Major League Baseball Commissioner Bud Selig has dropped a heavily weighted ball in his players' court.
Not waiting until the current drug-testing policies expire in 2006 and the collective bargaining agreement expires in 2008, Selig is asking the players to agree to a much stiffer policy, one that would demonstrate the league is serious about eliminating drug-affected players from the game.
Under rules that went into effect just this year, a player found with performance-enhancing substances in his body is suspended for 10 games on the first offense, 30 games on the second time, 60 on the third time, a year on the fourth and whatever the commissioner deems appropriate on the fifth.
With so many chances, a player intent on using drugs could gamble that he wouldn't get tested, but if he did, the penalty wouldn't be that harsh.
Selig's proposal, outlined in a letter to the players union that was obtained by The New York Times, is designed to eliminate any confusion over whether it is OK to use steroids and play in the major leagues.
For a first offense, a player would be suspended 50 games, 100 games for a second offense and banned permanently if caught a third time.
Selig also is proposing that random testing occur more frequently and that amphetamines be included among banned substances.
"It is time to put the whispers about amphetamine use to bed once and for all," Selig wrote. "To the extent that our culture has tolerated the use of these substances, the culture must change."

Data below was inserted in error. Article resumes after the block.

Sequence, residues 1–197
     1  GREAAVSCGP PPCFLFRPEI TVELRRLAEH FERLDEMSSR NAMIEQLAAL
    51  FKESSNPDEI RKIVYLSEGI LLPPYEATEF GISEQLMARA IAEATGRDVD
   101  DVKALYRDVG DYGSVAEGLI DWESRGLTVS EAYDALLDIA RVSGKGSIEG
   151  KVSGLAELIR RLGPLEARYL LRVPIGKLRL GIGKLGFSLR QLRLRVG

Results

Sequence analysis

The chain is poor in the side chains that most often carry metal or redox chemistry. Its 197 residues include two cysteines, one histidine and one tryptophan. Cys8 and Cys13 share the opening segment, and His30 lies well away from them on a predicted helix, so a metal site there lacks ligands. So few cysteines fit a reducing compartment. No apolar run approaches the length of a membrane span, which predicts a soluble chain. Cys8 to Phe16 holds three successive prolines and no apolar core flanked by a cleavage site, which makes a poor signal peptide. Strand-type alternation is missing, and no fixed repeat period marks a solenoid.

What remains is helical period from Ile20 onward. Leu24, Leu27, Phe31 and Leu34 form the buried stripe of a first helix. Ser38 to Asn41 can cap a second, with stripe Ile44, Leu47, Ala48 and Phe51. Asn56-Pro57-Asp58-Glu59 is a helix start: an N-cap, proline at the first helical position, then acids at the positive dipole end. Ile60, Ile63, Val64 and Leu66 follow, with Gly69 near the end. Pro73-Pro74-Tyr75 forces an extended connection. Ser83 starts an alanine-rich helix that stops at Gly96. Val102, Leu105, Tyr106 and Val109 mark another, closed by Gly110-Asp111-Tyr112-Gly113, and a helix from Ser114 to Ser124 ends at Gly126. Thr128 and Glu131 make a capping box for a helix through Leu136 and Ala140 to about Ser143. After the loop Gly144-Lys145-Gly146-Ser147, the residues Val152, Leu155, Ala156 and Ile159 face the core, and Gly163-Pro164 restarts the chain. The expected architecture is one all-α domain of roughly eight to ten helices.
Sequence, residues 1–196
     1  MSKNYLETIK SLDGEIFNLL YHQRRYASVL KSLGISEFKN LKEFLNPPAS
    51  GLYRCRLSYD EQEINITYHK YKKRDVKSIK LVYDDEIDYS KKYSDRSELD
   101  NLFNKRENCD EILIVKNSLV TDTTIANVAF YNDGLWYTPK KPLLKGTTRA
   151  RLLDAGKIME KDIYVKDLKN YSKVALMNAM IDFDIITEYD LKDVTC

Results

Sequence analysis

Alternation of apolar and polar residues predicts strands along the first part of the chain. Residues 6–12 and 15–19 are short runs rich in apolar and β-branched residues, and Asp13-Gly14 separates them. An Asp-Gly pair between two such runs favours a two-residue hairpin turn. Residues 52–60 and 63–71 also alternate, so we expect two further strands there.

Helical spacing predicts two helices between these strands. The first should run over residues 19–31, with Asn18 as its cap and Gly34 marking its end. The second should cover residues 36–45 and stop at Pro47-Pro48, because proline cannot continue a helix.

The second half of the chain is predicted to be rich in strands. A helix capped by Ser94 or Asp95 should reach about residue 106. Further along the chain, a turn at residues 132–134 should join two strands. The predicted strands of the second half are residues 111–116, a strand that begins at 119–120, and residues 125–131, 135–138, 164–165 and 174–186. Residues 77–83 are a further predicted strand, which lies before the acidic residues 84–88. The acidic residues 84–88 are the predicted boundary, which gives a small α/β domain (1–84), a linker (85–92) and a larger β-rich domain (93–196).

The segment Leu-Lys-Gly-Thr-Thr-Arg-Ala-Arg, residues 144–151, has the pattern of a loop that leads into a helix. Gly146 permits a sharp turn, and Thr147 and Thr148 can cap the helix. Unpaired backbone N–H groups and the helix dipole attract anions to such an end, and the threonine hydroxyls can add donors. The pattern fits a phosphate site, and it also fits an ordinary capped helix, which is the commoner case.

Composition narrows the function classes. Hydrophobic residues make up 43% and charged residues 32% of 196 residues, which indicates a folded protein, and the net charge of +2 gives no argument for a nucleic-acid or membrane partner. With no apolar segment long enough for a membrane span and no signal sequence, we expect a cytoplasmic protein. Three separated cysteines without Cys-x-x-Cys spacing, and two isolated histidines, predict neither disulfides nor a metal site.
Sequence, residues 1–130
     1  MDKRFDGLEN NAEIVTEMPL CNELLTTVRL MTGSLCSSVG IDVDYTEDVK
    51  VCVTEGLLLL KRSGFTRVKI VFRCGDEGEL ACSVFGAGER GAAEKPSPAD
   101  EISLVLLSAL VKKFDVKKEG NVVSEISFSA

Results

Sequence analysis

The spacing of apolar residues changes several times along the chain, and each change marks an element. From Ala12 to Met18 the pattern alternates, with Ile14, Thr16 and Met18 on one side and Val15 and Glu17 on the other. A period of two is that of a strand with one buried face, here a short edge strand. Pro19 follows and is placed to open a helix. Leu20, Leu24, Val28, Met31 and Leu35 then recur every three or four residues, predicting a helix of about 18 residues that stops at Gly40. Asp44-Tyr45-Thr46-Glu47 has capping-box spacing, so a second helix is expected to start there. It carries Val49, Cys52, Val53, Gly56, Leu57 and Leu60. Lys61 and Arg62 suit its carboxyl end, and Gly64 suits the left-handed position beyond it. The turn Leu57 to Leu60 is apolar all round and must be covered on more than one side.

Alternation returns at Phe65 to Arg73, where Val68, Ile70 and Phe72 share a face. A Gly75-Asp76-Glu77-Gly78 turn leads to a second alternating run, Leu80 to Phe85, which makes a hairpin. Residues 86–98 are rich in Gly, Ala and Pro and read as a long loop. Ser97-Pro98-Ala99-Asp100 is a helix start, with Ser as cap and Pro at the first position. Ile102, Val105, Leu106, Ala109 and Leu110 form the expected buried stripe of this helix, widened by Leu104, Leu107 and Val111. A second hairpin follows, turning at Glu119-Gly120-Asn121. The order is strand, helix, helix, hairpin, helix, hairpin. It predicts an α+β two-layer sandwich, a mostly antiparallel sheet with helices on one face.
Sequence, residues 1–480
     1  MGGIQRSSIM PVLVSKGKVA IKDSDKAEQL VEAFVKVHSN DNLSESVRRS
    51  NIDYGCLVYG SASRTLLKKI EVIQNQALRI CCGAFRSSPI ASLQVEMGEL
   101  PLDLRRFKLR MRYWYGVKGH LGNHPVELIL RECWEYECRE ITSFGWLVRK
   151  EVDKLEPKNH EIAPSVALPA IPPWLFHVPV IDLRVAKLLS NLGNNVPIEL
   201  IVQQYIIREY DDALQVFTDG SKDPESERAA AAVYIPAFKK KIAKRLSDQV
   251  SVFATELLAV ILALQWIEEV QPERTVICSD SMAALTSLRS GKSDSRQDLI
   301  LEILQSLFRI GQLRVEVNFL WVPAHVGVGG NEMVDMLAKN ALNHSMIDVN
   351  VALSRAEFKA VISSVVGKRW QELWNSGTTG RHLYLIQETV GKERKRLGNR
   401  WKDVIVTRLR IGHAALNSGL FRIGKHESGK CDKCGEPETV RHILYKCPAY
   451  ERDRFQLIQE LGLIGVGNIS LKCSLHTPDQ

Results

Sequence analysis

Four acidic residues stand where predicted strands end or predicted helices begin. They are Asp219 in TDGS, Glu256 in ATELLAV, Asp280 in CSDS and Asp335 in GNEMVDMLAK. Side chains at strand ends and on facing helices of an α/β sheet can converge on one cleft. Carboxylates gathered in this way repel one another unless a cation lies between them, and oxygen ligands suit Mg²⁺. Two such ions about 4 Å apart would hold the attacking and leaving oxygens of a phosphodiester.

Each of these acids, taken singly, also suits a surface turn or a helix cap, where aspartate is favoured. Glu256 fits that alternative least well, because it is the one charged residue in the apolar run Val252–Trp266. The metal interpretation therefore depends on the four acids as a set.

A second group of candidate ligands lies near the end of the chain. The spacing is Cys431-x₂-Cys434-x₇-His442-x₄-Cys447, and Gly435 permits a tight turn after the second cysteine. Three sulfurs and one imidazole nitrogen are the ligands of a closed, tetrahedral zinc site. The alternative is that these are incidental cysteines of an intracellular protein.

It's no coincidence that Selig's letter comes about six weeks after he and Donald Fehr, executive director of the players union, sat before members of Congress who were investigating steroid use. Last week, representatives of the National Football League and its players made a similar appearance in the U.S. House.
Professional sports have long played a significant role in lives of Americans. While the games are entertainment for spectators, they are big business for the players and owners. But the element of statistics in games makes integrity paramount.
We insist on businesses operating ethically and that their numbers represent the facts, not what management wishes they were.
It is hard to imagine players want to be part of an organization that coddles illegal drug users. For the union to reject Selig's proposal would send that message.